Appetite for Controversy? Look No Further.

Read about GrubHub’s latest controversy regarding the recent elections, as told by the IC PRSSA Blog!

By: Andrew Cornell

With any election or contest, there are winners and there are losers. But when Donald Trump was elected the 45th President of the United States last week, the divisiveness and passion could be felt immediately across the nation.


Politics and business are not to be mixed. But this past week, the online/mobile food ordering company, GrubHub found itself in hot water over CEO Matt Maloney’s companywide email that posed the question to employees whether they had voted for Donald Trump or not, and if so, that they should resign. “If you do not agree with this statement then please reply to this email with your resignation because you have no place here,” read the CEO’s email.

The company, established in 2004 and offers over 45,000 takeout options in over 1,100 U.S. cities as well as London has taken major flack and negative press for the actions of its leader. The hashtag #boycottgrubhub spread on twitter as conservatives pushed a boycott, company shares fell 9% Thursday & Friday, and many even called for Maloney to be fired.


The CEO’s response was the tipping point for many. Maloney responded a day later saying that others had misconstrued his message that was supposed to be focused on “inclusion and tolerance in the workplace.” He also stated that “I want to clarify that I did not ask for anyone to resign if they voted for Trump… I would never make such a demand.”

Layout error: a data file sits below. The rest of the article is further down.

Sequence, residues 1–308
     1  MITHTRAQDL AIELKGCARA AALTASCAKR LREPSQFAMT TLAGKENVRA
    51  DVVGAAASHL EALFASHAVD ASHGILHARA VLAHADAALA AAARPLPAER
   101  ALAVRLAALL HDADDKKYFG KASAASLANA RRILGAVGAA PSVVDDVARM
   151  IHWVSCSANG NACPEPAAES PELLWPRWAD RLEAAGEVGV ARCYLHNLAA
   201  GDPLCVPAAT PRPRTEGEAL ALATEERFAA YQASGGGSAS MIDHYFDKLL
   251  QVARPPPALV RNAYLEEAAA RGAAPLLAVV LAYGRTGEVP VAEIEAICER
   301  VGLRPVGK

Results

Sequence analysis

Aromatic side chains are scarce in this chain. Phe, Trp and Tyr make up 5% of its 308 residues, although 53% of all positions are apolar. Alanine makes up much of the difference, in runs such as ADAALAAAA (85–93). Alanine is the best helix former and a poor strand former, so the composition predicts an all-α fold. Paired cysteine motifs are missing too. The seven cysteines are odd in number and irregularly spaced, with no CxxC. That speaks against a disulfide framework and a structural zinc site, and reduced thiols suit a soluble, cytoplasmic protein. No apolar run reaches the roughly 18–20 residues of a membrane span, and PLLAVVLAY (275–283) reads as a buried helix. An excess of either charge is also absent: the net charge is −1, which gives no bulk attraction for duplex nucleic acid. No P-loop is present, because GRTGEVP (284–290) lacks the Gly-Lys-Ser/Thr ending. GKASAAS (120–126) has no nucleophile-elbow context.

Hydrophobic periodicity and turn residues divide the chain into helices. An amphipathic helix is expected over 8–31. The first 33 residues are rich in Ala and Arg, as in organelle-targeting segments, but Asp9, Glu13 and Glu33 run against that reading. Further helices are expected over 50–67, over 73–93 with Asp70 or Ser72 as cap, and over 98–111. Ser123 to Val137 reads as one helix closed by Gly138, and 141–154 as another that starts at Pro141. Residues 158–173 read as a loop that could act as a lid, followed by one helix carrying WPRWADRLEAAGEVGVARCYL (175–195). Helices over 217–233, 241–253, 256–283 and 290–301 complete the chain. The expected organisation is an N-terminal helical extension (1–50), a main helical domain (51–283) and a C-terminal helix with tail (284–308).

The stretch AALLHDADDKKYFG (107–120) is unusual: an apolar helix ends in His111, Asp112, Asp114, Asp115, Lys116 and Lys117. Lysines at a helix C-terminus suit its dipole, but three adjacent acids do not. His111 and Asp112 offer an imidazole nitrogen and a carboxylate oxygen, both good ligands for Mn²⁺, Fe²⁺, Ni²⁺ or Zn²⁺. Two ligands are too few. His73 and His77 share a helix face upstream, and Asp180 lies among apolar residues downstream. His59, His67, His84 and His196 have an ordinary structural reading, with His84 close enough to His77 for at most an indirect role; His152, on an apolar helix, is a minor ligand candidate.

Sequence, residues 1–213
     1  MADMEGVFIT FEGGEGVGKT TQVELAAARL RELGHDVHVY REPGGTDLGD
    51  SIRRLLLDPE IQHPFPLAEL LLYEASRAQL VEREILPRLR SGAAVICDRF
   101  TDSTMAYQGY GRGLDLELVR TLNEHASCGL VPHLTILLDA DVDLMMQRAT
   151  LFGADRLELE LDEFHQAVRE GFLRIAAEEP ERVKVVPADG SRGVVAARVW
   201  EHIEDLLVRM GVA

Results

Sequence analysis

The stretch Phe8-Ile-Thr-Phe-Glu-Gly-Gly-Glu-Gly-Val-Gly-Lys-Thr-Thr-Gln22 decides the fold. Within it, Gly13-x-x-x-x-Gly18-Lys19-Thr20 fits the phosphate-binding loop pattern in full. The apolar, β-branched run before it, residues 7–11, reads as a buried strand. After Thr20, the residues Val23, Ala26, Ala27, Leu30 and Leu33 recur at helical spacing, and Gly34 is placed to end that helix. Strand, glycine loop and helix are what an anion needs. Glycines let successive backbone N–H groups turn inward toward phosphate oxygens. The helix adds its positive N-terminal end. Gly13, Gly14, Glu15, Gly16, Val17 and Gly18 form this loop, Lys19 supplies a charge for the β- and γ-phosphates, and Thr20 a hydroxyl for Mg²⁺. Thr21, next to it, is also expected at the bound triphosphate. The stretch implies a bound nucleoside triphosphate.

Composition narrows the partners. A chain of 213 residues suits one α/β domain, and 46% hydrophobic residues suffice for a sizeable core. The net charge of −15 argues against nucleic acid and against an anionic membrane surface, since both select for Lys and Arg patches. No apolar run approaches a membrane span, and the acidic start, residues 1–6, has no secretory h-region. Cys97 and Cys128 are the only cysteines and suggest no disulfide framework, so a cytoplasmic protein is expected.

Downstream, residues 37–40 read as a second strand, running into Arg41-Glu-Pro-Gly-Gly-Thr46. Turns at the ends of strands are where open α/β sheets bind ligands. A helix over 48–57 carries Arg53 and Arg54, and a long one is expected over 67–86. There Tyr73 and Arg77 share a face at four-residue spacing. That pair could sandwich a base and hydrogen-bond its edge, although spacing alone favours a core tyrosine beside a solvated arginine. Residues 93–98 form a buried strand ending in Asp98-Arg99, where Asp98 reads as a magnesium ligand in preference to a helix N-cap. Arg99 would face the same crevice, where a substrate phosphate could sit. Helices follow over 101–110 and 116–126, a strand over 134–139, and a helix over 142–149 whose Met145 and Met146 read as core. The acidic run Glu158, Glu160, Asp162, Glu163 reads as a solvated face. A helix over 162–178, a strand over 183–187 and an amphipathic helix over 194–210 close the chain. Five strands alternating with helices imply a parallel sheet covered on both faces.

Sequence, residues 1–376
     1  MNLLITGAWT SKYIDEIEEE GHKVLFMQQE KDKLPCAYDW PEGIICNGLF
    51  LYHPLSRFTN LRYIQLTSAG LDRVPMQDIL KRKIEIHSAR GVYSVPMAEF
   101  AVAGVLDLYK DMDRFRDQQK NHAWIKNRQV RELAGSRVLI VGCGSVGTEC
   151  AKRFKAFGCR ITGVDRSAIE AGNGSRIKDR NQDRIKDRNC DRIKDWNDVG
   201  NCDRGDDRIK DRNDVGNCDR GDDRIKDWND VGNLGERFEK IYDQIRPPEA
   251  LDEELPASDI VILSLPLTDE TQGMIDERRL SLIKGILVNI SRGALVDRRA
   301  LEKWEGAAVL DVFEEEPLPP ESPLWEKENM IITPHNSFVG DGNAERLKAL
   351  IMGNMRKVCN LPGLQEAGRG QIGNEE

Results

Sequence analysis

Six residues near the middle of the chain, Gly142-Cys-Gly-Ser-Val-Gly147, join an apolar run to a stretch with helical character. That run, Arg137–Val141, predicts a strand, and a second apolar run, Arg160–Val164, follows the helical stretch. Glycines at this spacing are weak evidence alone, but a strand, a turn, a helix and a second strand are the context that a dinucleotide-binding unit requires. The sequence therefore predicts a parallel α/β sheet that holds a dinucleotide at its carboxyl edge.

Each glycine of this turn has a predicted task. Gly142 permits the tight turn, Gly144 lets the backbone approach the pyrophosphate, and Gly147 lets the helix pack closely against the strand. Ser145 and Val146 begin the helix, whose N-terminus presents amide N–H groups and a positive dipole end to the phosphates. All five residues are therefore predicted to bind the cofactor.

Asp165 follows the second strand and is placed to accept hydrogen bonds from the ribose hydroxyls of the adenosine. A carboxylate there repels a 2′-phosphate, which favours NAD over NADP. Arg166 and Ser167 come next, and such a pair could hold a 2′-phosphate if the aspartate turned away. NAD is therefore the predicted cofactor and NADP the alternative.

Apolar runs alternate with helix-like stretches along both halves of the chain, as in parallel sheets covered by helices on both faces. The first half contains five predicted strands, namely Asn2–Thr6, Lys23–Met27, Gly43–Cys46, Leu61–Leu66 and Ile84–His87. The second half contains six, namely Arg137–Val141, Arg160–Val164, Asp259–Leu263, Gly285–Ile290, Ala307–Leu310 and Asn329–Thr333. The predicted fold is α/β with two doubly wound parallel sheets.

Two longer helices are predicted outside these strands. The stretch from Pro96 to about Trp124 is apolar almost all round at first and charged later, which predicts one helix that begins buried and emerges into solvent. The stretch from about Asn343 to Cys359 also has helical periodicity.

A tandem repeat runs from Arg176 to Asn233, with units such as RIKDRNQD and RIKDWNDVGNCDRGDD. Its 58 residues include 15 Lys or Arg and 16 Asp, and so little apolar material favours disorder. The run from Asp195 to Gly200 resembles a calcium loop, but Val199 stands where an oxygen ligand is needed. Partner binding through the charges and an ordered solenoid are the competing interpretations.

But, the damage was done. News outlets from Fox News to Forbes covered the “attack”. Crisis management expert Larry Kamer of Kamer Consulting Group stated that, “You’ve got to think twice before you say something that could alienate a chunk of 60 million people when you are [running] a consumer brand that basically wants everybody’s business,” he says. “They want Trump supporters; they want Clinton supporters.”

All eyes will be on GrubHub over the next few weeks and months to see how the company rebounds from this major PR blunder. Seattle-based Outsidethinc Creative Arts Agency’s Krista Norsworthy says what is required of Grubhub is “short and simple: a video campaign that takes direct responsibility for the mistake.” The solution may be just that, short and simple, but the road to that is definitely not.



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